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you know, how they should operate and use stuff because it's going to change the arms race and the companies working to protect our data will be running with weights on them. >> the feinstein bill. >> yes. >> what were you expecting to see that you were surprised what it actually had with the content of it? >> okay. how about what i wasn't expecting to see. okay. i didn't expect something like -- encrypto analysis, trying to break good crypto, there's this idea of a trap door, things only go one way. so if encryption is sound, gravity will allow you to roll over a trap door and slide down 300 feet but it's not so easy to get back up, right? to say you can somehow reverse encryption shows a complete ignorance of understanding that you didn't speak to anyone in the field to write it. i thought maybe that kind of stuff wouldn't be in there
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because it's mythical and borderline crazy. you know, again, we don't know what that really looks like. the leak today, who knows what that is, right? hopefully the new bill is going to come out tomorrow and will look awesome. >> please join me in -- >> okay. [ applause ] >> i am going to be brief. i -- part of, i think, what -- why i was so excited to work with professor butler on this conference is to start a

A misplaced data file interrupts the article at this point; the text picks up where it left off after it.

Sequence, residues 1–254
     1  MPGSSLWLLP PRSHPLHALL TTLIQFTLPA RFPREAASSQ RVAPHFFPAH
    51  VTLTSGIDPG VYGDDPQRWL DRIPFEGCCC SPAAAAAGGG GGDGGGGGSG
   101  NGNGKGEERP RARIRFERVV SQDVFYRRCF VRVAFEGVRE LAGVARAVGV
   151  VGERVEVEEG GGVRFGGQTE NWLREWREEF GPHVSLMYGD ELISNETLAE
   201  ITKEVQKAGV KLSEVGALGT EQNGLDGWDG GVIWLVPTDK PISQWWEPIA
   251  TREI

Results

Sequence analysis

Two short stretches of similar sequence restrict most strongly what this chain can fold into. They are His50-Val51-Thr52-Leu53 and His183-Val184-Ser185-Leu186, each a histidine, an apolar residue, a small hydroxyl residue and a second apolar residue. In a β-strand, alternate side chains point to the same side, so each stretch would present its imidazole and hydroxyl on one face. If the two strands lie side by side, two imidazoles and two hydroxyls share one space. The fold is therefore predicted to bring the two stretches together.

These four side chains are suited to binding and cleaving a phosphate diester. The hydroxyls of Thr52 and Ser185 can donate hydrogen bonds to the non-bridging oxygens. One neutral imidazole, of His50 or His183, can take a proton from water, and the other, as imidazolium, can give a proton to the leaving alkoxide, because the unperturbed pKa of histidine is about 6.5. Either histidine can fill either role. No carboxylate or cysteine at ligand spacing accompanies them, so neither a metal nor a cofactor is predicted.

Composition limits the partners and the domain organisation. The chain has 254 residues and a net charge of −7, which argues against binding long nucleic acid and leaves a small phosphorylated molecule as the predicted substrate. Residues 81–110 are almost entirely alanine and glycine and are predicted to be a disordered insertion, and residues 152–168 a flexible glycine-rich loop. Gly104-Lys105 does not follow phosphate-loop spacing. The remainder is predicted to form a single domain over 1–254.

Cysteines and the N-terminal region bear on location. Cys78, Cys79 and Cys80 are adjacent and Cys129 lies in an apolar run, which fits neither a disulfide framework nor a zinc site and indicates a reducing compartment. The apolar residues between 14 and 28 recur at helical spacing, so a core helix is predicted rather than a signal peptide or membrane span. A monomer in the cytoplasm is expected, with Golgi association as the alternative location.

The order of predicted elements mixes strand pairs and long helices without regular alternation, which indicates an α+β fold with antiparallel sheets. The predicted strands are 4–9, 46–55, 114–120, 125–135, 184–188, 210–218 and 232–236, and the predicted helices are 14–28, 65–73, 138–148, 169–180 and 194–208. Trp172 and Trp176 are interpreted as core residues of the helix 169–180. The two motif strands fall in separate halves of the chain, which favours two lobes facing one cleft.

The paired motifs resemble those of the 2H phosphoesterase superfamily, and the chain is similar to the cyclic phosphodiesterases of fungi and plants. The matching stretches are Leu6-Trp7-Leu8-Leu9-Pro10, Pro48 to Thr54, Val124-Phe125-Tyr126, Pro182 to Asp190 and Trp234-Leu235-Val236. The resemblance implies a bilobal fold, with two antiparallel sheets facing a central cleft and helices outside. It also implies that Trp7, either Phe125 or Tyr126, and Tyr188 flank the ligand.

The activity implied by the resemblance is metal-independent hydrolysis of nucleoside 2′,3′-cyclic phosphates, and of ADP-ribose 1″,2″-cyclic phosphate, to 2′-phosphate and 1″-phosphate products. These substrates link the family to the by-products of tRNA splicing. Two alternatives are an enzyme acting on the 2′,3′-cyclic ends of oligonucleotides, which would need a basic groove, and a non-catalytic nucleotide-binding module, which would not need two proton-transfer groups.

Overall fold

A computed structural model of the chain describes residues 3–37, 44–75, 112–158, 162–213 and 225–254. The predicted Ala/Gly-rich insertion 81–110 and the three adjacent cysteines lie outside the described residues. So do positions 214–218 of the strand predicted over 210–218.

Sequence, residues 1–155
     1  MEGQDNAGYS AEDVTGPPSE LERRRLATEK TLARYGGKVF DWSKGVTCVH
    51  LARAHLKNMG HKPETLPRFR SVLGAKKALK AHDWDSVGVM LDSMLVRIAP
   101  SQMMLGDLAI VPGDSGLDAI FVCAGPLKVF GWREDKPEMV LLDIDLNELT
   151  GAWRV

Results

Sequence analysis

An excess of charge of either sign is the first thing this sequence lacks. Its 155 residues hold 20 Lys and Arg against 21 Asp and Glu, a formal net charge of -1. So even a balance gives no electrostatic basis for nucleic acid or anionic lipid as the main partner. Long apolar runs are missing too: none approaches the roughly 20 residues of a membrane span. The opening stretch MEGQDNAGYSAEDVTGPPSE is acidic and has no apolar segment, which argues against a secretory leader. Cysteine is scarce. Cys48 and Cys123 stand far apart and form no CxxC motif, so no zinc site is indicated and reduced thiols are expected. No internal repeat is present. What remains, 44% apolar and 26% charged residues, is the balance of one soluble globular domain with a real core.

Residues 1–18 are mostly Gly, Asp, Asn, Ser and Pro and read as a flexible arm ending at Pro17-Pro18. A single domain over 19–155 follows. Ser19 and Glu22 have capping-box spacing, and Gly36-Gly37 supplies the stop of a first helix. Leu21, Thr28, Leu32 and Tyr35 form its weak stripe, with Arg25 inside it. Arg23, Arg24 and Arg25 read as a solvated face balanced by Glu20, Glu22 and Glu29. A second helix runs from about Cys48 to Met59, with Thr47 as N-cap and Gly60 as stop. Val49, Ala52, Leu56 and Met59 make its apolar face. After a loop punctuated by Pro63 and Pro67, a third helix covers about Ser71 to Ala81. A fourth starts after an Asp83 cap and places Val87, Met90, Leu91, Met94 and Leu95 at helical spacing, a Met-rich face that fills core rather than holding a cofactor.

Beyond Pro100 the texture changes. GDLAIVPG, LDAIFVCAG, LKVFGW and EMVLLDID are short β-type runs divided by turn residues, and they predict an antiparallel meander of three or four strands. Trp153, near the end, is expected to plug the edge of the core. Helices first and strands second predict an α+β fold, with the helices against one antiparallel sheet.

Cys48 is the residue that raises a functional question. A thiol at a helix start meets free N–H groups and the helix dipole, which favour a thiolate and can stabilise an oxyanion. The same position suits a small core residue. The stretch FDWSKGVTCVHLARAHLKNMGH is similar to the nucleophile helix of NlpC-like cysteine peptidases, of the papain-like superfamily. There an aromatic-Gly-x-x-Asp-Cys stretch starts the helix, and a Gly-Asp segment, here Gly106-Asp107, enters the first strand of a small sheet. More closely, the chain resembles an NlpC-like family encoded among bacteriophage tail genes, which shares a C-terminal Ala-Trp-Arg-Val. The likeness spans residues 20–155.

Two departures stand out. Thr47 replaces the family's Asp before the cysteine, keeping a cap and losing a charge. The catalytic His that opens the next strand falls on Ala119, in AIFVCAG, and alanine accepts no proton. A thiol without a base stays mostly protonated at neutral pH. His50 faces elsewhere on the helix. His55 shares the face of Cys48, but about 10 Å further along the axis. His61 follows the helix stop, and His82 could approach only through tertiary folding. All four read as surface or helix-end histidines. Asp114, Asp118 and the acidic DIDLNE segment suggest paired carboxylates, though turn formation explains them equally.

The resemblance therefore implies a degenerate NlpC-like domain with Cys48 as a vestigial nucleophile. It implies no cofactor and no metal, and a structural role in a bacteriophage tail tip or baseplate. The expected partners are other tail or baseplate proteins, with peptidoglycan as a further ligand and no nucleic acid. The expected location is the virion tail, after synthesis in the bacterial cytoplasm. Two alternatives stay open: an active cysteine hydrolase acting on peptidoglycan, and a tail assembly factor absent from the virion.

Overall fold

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conversation about the color of surveillance. and i -- so, very briefly, i think if there's one thing you an do, if you care about these issues, it would be to follow and collaborate with and reach out to the organizations, many of which were represented today, many of which were not represented here today, that are working on this issue. if you are on twitter, if you go to our twitter account, @georgetowncpv, you'll see a follow list. i'll give you an oral follow list. you should reach out to cypto harlem and matthew mitchell, you should reach out to brandon anderson at the swat app, reach out to you should reach out to the center for media justice where they're working to kick some butt. you should follow upturn's equal justice newsletter. you should follow the aclu.
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you should follow stop lapd spying. and you should follow lucy parson's labs. and if you want to come to more of these events subscribe to our news letter just at -- google georgetown privacy center. i hope this has been useful for you. i'm so thrilled to see so many of you here. i want to pass it over to professor butler. but before i do that, i just want to say thank you again to the folks who have made this possible. dean schraeder, ford foundation, open society foundations, media justice fund and media democracy fund, pardon me. all the folks here at georgetown. a lot of hours went into making this conversation a success on behalf of special events, on behalf of av, on behalf of facilities, on behalf of communications, this was a lot of work.